11. The 'Boschi Banditi’ (Enclosed Woodlands)
The ‘bando’ (chart) on woodlands, adopted by the ‘Provveditore’ of the Republic of Venice in 1850, is a measure that constitutes the basis for the ownership of the ‘Consorzio Boschi Carnici’. ‘Bandire’ (to enclose, after the promulgation of a chart) some woodlands, for the legislation of the Republic of Venice, meant to secure them for specific uses, while tying them up to the primary needs of the State. The history of Venice and of its Republic has in maritime commerce one of its main assets; therefore, the supply of timber and of other raw material for the Arsenal – one of the biggest and more important European industries of the time – was a constant preoccupation for the ‘Provveditore’, and also for those in charge of managing timber and woodlands, who succeeded one another until the end of the Venetian domination in 1797.
In his functions, the ‘Provveditore’ Pietro Zane had already established some ‘bandi’ for Carnia as early as 1579, concerning specifically a few woodlands of the val Pesarina. In other parts of the Venetian territories, similar dispositions of ‘specific reserve’ for use of the Arsenal had already been taken previously for Cadore (the woodlands of ‘Bosco di Cajada’ and ‘Vizza di Cadore’, 1463, for instance); for the ‘Bosco di Montona’ (in Istria) and for Montello in 1471; for Cansiglio and the ‘Bosco d’Alpago’ (in 1548 and 1549 respectively); similarly, all the specimens of the main species needed for shipbuilding purposes (that is, Oak – a plant which is in very short supply in Carnia) had been secured in the whole territory of the Republic. With the so-called ‘Bando Zane’, as many as 51 woodlands of Carnia – plus some in the ‘Canale del Ferro’ and in the valleys of Arzino and Torre – were reserved for specific use. What determined this state of affairs was the necessity to provide for long enough timber for the making of oars, for which beech wood was held in particular high esteem. However, during the centuries of Venetian domination, use of the 39 ‘Boschi banditi’ of Carnia was rather sporadic, as they were sometimes situated in locations quite difficult to reach, and therefore it was not always convenient to avail oneself of these woodlands for the provision of raw material.
During the second half of the 1700s, the entire set of woodlands belonging to the ‘Boschi banditi’ was the object of an accurate reformation project: a rise in the need for timber induced the ‘Magistratura’ to propose alternative, modern ways of looking at this industry, in parallel with the birth of scientific forestry; however, the end of the ‘Serenissima’ (Republic of Venice) in 1797 did not allow for the actualization of such plans, and the projects that were made ready by that time were subsequently adopted by the French administration and – above all – by the Austrians, who followed the French and tried to apply to the ‘Boschi banditi’ a type of management strongly oriented towards the market.
In 1819, the Micoli-Toscano (the family from Mione who owned the Aplis compound, and among the main protagonists of the timber industry in Carnia since the previous century) won the 15-year long tender for the management of these woodlands, together with issuing a plan to cut down beech and replace it with conifer species (especially Norway Spruce and Larch). However, the expected results – in fact very little respectful of the natural forest composition, when viewed from the perspective of modern forestry – were (fortunately) not fully achieved: the prevalence of mixed woodland that still characterizes the former ‘Boschi banditi’ to this day is, in fact, living proof of their good level of conservation.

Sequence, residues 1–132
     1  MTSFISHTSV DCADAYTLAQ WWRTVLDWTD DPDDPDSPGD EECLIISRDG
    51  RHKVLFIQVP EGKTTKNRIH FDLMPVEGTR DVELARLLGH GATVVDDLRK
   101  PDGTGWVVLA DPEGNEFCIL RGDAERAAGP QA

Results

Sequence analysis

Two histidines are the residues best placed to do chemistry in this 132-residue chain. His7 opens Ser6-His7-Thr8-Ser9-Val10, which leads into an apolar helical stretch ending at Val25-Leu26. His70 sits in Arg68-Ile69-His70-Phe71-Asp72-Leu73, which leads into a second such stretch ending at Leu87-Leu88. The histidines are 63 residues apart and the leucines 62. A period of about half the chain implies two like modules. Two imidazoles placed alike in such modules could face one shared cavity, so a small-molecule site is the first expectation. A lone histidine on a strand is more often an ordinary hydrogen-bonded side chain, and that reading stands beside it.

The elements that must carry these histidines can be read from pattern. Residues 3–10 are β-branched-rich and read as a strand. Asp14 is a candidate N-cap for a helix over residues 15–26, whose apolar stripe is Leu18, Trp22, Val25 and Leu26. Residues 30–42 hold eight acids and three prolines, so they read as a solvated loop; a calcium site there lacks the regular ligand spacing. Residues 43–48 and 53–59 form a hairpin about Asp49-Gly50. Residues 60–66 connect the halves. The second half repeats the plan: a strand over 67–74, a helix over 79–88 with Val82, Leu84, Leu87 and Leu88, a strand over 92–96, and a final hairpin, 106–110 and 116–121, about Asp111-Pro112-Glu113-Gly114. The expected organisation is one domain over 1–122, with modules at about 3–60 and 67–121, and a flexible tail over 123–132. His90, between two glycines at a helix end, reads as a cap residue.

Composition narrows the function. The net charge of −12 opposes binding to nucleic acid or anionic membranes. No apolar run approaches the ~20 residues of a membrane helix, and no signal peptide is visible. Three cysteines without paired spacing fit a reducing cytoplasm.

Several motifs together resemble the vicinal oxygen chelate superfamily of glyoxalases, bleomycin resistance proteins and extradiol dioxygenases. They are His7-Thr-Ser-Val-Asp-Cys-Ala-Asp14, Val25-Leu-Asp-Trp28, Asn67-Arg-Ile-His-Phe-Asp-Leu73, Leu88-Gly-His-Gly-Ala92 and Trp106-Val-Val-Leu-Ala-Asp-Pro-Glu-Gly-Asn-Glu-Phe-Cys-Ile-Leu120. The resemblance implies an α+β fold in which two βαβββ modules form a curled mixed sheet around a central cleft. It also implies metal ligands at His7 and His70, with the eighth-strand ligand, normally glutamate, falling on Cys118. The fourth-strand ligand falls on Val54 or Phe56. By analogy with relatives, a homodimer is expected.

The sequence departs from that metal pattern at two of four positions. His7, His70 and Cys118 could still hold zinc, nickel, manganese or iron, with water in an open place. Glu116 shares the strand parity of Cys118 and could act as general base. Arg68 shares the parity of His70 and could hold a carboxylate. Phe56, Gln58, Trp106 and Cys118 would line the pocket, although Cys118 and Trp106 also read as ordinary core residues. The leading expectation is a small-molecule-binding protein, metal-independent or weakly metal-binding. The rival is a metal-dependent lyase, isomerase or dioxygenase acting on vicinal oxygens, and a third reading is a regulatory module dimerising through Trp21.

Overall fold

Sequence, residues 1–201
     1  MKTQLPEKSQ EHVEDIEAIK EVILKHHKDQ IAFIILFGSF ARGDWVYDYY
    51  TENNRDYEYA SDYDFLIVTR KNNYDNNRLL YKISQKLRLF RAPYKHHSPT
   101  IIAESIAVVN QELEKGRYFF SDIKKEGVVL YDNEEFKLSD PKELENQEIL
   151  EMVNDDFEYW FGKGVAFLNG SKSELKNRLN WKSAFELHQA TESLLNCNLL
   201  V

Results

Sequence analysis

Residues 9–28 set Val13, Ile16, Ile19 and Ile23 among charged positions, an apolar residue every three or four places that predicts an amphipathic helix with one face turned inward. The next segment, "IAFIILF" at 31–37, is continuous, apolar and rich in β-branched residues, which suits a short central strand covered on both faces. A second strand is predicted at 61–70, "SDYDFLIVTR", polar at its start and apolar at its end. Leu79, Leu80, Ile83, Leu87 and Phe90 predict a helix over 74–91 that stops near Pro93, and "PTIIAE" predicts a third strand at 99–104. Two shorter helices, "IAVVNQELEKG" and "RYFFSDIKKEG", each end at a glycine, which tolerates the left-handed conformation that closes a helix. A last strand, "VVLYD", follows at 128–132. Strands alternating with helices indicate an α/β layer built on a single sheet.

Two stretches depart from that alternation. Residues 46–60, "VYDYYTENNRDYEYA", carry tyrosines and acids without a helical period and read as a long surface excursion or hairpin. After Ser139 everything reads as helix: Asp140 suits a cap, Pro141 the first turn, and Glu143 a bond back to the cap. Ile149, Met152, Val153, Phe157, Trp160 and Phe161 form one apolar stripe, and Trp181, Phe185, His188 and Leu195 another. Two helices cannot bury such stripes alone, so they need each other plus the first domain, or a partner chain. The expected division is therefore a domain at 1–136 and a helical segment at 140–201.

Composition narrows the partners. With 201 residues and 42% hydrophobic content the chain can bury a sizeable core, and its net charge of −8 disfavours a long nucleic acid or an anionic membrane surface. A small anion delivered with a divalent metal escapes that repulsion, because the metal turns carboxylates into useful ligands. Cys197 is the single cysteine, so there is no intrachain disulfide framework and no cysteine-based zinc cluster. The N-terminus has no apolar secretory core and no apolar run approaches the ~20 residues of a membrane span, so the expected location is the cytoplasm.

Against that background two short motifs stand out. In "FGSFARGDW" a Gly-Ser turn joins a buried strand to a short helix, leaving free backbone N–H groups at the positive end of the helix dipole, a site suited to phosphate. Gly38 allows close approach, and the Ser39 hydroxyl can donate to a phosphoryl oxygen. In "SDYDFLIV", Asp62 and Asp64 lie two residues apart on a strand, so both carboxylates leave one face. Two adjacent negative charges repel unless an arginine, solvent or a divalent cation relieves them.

12. The Communities and the ‘bando’
The village communities (the so-called ‘ville’), which were the holders of prerogatives on communal properties – amongst which were the woodlands –, had been given such rights by ‘benevolence’ of the ‘Serenissima’ Republic, and reacted with surprise and disappointment at the measures taken by Pietro Zane in 1580. Even though the relevance of the timber industry was extremely limited in respect to the totality of the forests entrusted to the communities, the ‘bando’ (chart), in this case, was fiercely opposed by the local populations – and this fact is at the basis of a widespread misunderstanding, according to which Venice had deprived the people of Carnia of all their woodlands. Instead, the communities were actually granted some prerogatives on those very same ‘Boschi banditi’, also thanks to the petitions that had been readily presented by the four quarters (‘Quartieri’) of Carnia altogether.
The ‘Consiglio dei Dieci’ (the feared judicial magistrate that held prerogatives on the woodlands) had corrected – as early as 1581 – the ‘Bando Zane’ in favour of the people of Carnia: the ‘Consiglio’ drew the woodlands’ boundaries with the help of ‘cippi’ (boundary stones) over which was a seal with the acronym ‘CX’ (that is, precisely, ‘Consiglio dei Dieci’), so to better distinguish these woods from the surrounding estates. With this amendment in force, the ‘Consiglio’ allowed grazing on pastureland with ‘minute’ animals (mostly sheep – but also the otherwise much feared goat: useful, in this case, for the safeguard of the woodlands); it also granted the original inhabitants the possibility of benefiting from the use of working timber in case of fire or flood, while reducing the fines that could be inflicted to the local population in exchange for services of surveillance over those very same woodlands.